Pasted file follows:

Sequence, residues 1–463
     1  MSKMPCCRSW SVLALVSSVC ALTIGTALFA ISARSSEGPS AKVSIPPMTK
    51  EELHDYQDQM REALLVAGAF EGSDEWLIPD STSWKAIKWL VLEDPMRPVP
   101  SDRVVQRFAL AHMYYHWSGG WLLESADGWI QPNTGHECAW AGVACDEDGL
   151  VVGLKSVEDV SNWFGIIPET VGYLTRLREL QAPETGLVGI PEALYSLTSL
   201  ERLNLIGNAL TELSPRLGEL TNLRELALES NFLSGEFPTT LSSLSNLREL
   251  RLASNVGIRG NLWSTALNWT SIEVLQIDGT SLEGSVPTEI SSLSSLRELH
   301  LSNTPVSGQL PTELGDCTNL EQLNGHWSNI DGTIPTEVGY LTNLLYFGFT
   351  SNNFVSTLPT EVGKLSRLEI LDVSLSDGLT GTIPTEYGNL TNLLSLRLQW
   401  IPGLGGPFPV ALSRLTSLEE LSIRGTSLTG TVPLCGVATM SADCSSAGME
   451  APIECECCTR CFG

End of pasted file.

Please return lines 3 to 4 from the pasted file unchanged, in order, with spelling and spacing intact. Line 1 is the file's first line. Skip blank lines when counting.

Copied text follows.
    51  EELHDYQDQM REALLVAGAF EGSDEWLIPD STSWKAIKWL VLEDPMRPVP
   101  SDRVVQRFAL AHMYYHWSGG WLLESADGWI QPNTGHECAW AGVACDEDGL